When A Picture Is All That Is Left
“I don’t think I have ever seen a customer get so many pictures developed so often.” The was a comment by a cashier at my local CVS over ten years ago, as she handed me a pack of more than 300 pictures that I had just had developed (printed) from a recent trip or event. And to be fair to the cashier, this was actually a regular occurrence.
Gone were the days of just using a Kodak instamatic, or a Poloroid, and ending up with either 12 or 24 prints. Digital cameras allowed us to take many more photos and save them. And today, you can actually take and store thousands of pictures on your phones.
In recent months, I worked on a personal project for each of my daughters. There was no particular reason I chose to do this, but being a sentimentalist, to say I enjoyed looking back through thousands of photos, is definitely an understatement.
But it was during my recent post about my father, that I reminded myself again, just as I did more than fifteen years ago, that I renew the conscious effort to make sure there are memories not just for me, but for my daughters as well, of the important people in their lives.
In my personal photo collection, I have less than a dozen photos from my childhood with either of my parents. In my adult life, I did a little better with pictures with my parents. My maternal grandmother, someone I consider one of the most influencial people of my life, the photo that I posted yesterday was the only photo of the two of us together, and I have only one other photo of her, with her sister. Other family members as well, it is the same, one or two photos, maybe a half dozen at best. And with many of those relatives having passed away, these photos literally are all that I have left.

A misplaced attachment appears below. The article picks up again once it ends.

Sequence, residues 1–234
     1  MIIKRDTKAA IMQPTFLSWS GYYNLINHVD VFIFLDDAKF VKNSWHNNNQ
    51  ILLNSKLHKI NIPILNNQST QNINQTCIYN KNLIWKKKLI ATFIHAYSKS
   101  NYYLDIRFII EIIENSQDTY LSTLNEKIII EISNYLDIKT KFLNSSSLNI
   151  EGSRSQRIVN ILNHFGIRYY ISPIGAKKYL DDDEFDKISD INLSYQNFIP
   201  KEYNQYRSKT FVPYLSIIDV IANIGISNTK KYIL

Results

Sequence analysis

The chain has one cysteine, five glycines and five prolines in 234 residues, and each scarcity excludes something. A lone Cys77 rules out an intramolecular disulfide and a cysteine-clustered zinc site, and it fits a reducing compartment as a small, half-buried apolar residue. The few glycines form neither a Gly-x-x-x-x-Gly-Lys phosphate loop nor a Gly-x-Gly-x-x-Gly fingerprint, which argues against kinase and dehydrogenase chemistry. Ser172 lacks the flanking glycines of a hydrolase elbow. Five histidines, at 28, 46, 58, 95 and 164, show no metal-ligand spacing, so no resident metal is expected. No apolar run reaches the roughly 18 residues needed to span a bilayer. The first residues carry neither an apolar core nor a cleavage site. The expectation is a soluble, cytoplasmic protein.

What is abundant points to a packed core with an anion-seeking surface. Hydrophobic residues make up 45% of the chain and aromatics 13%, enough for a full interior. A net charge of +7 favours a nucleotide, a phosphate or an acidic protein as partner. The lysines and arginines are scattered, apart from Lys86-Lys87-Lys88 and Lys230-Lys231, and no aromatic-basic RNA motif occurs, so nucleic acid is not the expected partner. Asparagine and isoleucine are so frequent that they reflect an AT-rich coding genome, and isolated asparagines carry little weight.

One thing that I promised to do better, was to make sure that my daughters had plenty of memories to look at. And it is not just for their benefit, but mine as well. I spend a lot of my time, day after day, looking back at all the fun things that we had done throughout their short lives already.
I have done my best to document their earliest days, and much to their chagrin as teenagers, I have not eased up on the amount of photos I take. I make sure that there are photos with grandparents, cousins, friends, everyone who has been a part of their lives.
And what is just as important to them, us, is that even though there was a time when my body was not in the current health situation that it is in right now, struggling with the late effects from my cancer treatments, my daughters can remember the times that we shared, but as they see current photos, though our activities with each other are within my abilities to function, the smiles are still the same. We still have tons of fun. And you can see that.
Ten, twenty years from now, there are no shortage of photos to look back upon. We have had a great time so far, and there are plenty of days ahead, and a lot more photos to take. But one thing is clear, of all things that matter to me most, is being a Dad. Some day they are going to go off to college. Some day they are going to go off on their own. And I am going to need these pictures, until I get the chance to take some more.